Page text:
Lamb would likely still see a generous helping of targets even with Beckham on board, but it would be harder for defenses to bracket Lamb, as they’ve been doing much of the year. It also helps that Beckham is almost exclusively an outside receiver, thus allowing Lamb to play in the slot more often, which is his more natural alignment. The Rams had a similar dynamic last year when they added Beckham, with Cooper Kupp still being the focal point of the passing game and Beckham doing just enough to keep defenses honest.


The biggest con with Beckham comes down to the physical limitations. Michael Gallup tore his ACL on January 2 of this year and came back on October 2 to face the Commanders. That was considered a surprise because of how early he returned. Even then, Gallup didn’t look quite like himself, and is still working his way back to the kind of player he was before the injury.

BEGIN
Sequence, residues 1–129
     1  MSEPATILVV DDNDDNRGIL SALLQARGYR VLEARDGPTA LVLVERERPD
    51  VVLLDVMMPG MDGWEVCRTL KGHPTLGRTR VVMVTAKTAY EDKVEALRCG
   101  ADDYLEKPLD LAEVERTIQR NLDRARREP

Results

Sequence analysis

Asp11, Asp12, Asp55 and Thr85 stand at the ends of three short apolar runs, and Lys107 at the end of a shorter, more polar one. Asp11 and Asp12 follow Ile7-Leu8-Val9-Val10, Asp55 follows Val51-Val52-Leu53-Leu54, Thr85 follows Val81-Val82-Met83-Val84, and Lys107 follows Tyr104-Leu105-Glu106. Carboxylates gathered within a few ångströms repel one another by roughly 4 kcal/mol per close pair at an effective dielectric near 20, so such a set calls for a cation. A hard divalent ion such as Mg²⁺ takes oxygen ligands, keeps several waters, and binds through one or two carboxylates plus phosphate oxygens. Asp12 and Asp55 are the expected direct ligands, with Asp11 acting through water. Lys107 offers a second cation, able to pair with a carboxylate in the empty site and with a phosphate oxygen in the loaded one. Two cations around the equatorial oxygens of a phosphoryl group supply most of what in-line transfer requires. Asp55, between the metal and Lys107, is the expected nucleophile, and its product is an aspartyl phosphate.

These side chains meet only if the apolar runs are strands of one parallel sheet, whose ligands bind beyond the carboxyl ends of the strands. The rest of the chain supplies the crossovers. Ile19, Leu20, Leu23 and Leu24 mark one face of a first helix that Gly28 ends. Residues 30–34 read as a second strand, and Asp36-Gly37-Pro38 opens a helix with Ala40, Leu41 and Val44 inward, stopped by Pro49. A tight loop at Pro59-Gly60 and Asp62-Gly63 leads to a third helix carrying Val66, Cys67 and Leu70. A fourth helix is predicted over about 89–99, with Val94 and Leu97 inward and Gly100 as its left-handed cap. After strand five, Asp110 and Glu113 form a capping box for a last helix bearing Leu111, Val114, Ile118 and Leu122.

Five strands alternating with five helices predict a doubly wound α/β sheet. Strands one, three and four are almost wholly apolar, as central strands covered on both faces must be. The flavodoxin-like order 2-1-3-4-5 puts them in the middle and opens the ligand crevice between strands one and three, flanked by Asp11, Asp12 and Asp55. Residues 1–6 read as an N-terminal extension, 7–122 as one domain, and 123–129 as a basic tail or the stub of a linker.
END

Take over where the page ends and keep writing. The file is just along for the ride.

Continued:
Beckham tore his ACL a little over a month after Gallup tore his, so the timelines are about right if Beckham is indeed close to being medically cleared. Of course, that doesn’t even mean he’d be able to play right away, either. And whereas Gallup was on the Cowboys’ roster and in their offseason program through his rehab process, Beckham has been a free agent for his entire rehab process. It’s entirely possible that Beckham wouldn’t even see the field until December, depending on how quickly he gets acclimated to the team.

There’s also the question of whether Beckham is still the guy he once was. Beckham had at least 1,300 receiving yards and double-digit touchdowns in each of his first three years in the league, but he’s failed to hit either of those marks since then. He’s also suffered three serious injuries since then as well; Beckham fractured his ankle in his fourth season and the ACL he tore in the Super Bowl was actually the second time tearing that same ACL.